A reader emailed me pointing out that a similar idea had been shared in Scott Adams book, “God Debris”:

    “What makes a holy land holy?? he asked.

    ?Well, usually it’s because some important religious event took place there.?

    ?What does it mean to say that something took place in a particular location when we know that the earth is constantly in motion, rotating on its axis and orbiting the sun? And we’re in a moving galaxy that is part of an expanding universe. Even if you had a spaceship and could fly anywhere, you can never return to the location of a past event. There would be no equivalent of the past location because location depends on your distance from other objects, and all objects
    in the universe would have moved considerably by then.”

    ?I see your point, but on Earth the holy places keep their relationship to other things on Earth, and those things don’t move much,? I said.

    ?Let’s say you dug up all the dirt and rocks and vegetation of a holy place and moved it someplace else, leaving nothing but a hole that is one mile deep in the original location. Would the holy land now be the new location where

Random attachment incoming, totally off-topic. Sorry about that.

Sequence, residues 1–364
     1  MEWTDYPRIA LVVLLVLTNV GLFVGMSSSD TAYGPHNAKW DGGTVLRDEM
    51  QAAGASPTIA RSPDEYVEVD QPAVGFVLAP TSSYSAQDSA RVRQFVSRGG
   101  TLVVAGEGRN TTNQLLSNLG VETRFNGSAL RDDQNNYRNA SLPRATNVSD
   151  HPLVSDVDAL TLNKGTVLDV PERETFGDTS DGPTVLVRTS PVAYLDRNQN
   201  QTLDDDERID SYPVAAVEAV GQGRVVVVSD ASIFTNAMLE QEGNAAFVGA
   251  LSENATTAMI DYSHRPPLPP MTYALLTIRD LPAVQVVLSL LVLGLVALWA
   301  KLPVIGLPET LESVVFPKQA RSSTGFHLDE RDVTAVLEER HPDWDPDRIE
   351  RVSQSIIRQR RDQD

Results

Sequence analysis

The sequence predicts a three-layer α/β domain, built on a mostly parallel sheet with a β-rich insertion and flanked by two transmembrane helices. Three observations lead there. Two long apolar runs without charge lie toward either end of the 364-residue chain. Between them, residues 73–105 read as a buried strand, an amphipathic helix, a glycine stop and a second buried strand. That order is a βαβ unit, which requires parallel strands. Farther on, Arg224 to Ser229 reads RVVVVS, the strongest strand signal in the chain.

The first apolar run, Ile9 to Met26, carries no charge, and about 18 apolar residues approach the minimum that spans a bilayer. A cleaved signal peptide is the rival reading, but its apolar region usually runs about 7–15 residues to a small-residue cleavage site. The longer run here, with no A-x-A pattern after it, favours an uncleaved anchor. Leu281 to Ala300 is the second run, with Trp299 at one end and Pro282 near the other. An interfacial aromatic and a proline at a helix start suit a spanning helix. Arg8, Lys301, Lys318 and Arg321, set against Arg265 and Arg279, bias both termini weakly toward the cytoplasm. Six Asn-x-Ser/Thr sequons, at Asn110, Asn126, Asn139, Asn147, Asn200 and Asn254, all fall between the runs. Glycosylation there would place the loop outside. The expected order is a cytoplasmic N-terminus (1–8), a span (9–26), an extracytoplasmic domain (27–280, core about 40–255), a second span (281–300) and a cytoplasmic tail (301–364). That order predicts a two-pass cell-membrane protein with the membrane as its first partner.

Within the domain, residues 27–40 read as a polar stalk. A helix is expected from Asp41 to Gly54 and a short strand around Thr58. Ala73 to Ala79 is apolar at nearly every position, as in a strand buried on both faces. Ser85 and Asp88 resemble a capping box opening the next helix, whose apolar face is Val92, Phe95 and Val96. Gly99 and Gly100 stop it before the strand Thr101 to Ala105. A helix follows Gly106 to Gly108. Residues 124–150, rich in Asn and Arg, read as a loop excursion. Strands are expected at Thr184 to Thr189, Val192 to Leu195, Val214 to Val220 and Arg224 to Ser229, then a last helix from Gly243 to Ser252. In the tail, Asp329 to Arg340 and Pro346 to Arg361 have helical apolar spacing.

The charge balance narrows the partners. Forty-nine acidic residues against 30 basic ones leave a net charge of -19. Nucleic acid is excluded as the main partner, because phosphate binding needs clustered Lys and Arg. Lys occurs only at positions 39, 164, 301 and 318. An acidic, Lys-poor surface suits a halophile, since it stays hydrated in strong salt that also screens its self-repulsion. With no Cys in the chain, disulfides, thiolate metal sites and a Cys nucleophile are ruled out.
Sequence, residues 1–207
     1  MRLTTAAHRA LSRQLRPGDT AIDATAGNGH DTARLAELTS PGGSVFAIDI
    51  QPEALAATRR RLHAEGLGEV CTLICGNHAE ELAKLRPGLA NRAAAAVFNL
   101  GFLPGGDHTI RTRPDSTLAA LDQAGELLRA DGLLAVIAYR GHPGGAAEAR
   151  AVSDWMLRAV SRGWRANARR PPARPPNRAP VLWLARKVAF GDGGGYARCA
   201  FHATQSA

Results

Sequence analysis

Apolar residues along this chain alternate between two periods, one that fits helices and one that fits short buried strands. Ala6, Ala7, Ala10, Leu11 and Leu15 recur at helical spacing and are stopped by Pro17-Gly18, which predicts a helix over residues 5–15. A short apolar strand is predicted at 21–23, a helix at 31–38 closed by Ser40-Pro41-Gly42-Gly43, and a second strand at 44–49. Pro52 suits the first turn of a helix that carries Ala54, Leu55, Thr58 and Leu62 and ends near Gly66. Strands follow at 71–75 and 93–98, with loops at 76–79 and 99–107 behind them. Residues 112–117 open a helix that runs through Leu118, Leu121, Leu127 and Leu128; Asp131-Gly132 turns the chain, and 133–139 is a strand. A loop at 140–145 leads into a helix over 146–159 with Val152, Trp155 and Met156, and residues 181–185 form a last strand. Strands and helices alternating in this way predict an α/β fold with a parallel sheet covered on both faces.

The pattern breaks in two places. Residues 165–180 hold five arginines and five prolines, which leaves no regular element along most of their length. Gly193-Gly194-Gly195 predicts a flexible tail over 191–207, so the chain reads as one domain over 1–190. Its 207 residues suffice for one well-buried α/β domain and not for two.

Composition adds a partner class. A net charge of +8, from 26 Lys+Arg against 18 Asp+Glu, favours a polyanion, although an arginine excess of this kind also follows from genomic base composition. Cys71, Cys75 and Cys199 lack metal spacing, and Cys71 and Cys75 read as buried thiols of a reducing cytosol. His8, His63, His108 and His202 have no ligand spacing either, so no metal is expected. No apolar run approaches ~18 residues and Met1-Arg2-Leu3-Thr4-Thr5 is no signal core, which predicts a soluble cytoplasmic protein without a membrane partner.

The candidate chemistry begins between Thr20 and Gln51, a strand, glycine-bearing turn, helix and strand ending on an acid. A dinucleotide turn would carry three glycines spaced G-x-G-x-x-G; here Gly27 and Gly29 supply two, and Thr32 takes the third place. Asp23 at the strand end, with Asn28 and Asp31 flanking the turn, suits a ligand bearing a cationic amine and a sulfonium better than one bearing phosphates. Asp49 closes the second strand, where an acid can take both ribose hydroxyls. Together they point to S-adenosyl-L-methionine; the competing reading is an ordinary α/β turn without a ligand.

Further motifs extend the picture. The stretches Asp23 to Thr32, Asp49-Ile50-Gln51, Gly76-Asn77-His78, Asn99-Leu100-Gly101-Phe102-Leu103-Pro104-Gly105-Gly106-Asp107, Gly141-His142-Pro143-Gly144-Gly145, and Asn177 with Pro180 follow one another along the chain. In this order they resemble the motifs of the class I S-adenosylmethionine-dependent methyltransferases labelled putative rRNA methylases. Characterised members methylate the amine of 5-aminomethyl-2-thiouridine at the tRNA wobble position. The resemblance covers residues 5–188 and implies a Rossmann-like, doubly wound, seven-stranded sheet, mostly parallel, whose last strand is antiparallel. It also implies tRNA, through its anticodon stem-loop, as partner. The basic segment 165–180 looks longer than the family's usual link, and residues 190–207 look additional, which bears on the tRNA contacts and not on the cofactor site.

you put the dirt and rocks and vegetation, or the old location with the hole??

    ?I think both would be considered holy,? I said, hedging my bets.

    ?Suppose you took only the very top layer of soil and vegetation from the holy place, the newer stuff that blew in
    or grew after the religious event occurred thousands of years ago. Would the place you dumped the topsoil and vegetation be holy??

    ?That’s a little trickier,? I said. ?I’ll say the new location isn’t holy because the topsoil that you moved there isn’t itself holy, it was only in contact with holy land. If holy land could turn anything that touched it into more holy land, then the whole planet would be holy.?

    The old man smiled. ?The concept of location is a useful delusion when applied to real estate ownership, or when
    giving someone directions to the store. But when it is viewed through the eyes of an omnipotent God, the concept of location is absurd.

    ?While we speak, nations are arming themselves to fight holy lands for control of lands they consider holy. They are trapped in the delusion that locations are real things, not just fictions of the mind. Many will die.?

  • desirivans

    Good day,

    Interesting.

    I believe that render a material location/place holy is the event that have
    taken place there.

    If God have manifested Himself in something or someone and some have faith in
    it then the place is consider holy to such group. But who can prove it
    objectively.

    Do you realize that we live permanently in the past.

    There is no present.